Democrats have already seen pushback from unions on the proposal to redirect a portion of employees’ required 6 percent retirement contributions to the pension fund, rather than to the supplemental defined contribution plan where they go today.
The idea is to redirect a portion of those contributions — 2.5 percent of pay for Tier 1 and Tier 2 employees and 0.75 percent of pay for Tier 3 employee – to a pension stability account. That’s not a cut in take-home pay for employees, but a reduction in total compensation that would reduce the balance in employees defined contribution accounts at retirement.
The hit to employees would be largely dependent on where they are in their careers. A Tier 1 employee with five years left to work, for example, would see their individual account balances decline by 7.8 percent at retirement, the actuary calculated. A Tier 2 employee with 10 years left to work would see a 12.5 percent reduction in their individual account balance at retirement, while a Tier 3 employee, with a lower proposed contribution but 20 years left to work, would see a 7.1 percent reduction.
The proposals would shelter employees earning $30,000 or less from any contribution to the pension. And the redirection is theoretically temporary, as it would cease if the system’s funded status reaches 90 percent again. This proposal would not affect employees’ pension benefits, which provide the lion’s share of overall retirement benefits.
That employee contribution plan is similar to one that Brown offered to hold schools’ pension costs constant. But it’s less onerous for employees than those included in ballot measures filed by business groups.
But for public employee groups, it’s a non-starter.
“The proposed 12.5% cuts are illegal, unfair, and will send the state back to court,” said Karl Koenig, President of the Oregon State Firefighters Council.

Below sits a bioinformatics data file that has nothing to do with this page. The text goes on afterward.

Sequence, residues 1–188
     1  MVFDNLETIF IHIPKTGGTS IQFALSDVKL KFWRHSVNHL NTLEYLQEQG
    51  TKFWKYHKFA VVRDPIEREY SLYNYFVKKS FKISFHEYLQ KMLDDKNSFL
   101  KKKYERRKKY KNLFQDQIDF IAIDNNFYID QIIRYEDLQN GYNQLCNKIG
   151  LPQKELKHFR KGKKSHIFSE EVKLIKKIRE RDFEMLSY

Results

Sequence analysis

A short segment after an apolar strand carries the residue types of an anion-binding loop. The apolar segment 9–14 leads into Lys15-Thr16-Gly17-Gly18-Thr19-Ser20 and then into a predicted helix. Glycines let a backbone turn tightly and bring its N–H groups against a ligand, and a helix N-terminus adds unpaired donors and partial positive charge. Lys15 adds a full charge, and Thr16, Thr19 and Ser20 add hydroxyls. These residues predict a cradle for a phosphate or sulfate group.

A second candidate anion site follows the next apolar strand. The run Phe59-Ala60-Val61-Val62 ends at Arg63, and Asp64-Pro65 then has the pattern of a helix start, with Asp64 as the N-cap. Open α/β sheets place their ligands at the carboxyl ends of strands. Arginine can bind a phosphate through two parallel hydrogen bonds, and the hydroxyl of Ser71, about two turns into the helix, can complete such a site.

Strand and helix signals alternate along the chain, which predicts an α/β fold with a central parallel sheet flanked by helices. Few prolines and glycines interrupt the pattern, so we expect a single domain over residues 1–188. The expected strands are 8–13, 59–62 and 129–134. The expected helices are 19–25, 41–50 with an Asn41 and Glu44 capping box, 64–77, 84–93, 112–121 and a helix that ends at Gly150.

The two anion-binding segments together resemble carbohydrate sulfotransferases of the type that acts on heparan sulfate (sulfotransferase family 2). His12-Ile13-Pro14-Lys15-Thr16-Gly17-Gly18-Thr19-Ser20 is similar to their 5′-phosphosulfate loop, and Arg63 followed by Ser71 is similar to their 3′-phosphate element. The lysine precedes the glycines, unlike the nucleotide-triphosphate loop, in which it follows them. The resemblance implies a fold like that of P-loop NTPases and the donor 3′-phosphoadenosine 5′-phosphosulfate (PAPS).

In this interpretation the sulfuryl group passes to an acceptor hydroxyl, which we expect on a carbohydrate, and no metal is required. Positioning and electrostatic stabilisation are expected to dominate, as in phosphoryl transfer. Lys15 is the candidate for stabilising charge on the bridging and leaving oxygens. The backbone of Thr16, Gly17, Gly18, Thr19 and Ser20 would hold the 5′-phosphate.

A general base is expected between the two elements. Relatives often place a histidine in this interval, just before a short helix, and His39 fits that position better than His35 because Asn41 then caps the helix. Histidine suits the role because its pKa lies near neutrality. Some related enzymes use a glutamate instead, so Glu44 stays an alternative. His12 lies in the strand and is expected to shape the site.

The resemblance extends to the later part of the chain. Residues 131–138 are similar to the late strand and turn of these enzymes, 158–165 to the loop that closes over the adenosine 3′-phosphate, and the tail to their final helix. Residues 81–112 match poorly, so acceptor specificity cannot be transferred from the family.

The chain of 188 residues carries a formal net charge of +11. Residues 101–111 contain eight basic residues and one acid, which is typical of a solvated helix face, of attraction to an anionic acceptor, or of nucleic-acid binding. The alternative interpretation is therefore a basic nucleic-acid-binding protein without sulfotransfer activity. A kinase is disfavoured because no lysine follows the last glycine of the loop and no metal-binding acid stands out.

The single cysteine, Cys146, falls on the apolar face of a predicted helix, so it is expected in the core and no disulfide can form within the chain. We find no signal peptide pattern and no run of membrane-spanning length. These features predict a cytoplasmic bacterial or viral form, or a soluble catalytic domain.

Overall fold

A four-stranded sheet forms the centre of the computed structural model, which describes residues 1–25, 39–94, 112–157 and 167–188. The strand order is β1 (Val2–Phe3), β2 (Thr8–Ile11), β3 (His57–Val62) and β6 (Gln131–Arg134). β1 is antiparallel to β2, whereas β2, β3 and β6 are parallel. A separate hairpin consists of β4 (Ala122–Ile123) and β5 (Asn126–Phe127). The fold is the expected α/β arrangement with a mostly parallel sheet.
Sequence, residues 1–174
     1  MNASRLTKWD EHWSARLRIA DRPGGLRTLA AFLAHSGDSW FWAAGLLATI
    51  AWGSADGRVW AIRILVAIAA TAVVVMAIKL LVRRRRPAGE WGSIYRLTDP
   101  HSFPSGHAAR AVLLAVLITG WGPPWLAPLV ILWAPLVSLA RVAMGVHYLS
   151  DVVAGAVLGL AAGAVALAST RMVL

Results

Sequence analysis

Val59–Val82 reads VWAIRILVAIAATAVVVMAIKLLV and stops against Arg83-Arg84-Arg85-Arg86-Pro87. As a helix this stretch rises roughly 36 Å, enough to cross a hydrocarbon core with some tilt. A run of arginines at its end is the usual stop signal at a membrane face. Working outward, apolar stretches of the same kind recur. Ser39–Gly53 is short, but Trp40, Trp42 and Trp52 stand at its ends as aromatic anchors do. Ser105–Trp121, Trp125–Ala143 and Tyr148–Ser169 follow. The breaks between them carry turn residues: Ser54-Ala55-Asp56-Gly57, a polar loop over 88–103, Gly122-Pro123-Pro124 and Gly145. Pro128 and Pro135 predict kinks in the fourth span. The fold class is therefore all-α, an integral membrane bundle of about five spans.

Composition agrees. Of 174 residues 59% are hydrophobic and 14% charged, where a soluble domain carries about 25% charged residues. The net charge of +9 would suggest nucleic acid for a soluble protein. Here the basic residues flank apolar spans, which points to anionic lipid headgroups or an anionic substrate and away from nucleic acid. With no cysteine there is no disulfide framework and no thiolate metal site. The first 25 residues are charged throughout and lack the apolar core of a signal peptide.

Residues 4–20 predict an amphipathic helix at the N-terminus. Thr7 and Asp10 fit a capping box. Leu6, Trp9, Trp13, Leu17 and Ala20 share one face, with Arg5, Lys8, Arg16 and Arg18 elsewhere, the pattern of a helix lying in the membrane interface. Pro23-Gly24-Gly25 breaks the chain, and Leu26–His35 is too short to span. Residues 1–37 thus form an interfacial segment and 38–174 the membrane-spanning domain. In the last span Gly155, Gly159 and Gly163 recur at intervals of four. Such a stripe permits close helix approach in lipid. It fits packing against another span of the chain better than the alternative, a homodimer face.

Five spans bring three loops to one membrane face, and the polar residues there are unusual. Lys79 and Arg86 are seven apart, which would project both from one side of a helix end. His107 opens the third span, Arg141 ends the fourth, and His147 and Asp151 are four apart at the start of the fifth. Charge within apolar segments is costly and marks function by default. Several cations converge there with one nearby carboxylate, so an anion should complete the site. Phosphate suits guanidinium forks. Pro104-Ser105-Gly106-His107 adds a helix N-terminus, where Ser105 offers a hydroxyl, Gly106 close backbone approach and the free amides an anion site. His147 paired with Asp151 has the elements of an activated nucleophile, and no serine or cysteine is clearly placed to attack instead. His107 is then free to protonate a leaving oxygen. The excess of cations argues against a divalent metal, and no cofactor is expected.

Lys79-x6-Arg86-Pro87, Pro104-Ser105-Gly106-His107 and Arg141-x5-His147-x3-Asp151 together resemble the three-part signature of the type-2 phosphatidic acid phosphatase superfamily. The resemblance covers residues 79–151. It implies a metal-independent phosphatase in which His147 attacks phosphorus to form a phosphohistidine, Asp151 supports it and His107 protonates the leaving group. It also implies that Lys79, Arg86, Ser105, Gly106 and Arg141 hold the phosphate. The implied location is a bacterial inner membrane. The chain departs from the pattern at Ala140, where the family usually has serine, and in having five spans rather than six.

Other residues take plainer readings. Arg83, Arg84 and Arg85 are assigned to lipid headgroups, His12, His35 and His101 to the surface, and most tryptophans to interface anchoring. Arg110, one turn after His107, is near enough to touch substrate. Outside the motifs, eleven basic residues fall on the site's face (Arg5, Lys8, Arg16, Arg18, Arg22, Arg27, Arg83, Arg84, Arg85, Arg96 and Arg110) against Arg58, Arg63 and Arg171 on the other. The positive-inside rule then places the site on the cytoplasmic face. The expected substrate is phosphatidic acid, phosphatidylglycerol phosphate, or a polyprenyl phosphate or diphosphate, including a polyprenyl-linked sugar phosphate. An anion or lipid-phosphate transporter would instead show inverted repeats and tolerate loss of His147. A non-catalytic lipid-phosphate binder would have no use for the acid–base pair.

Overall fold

The Democrats also have proposed to halve the interest rate used to calculate member benefit annuities under the system’s money match formula. The system currently uses its assumed earnings rate of 7.2 percent in that calculation, which is at least double the rate available on annuities in the private sector.
A declining number of members are retiring under the money match each year, as pension reforms in 2003 took some of the rocket fuel out of that formula. But it is still a significant percentage of retirees – 43 percent in 2017 – and is by far the more lucrative formula for many older members, who can see benefits as high as 200 to 300 percent of their final salary in extreme instances.
The money match proposal would only save a limited amount of money for employers, as it would only apply to a declining number of older employees. But for those employees, the hit could be severe – up to a 33 percent reduction in their benefits under that formula. That could push them to retire before the change took effect. More than 21,000 active Tier 1 members are currently eligible to retire because of their age or service. Another 12,000 former employees have yet to activate their PERS benefits but could at any time.
A third proposal would limit the salary amount used in members’ benefit calculations to $195,000, indexed for inflation. That would only apply to small number of employees, so the savings are insignificant.
Finally, the Democrats are proposing to eliminate restrictions on retirees returning to work. However, they would require employers to pay full pension contributions on those returned employees.
Since returning retirees accumulate no additional pension benefits, those contributions would accelerate the repayment of the unfunded liability. Besides refinancing the deficit and redirecting employee contributions, this measure generates the most savings for employers.
It’s a relatively non-controversial proposal. But amid the other proposals affecting employee benefits, there will be plenty of pushback to go around.
“They’re asking working families to shoulder a large part of the burden while other options go unexplored,” said Melissa Unger, executive director of SEIU Local 503. “We challenge the Legislature and the Governor to consider bolder ideas that protect working families, such as selling the state-owned SAIF Corp., to pay down the pension debt. In its current form, we cannot support this proposal.”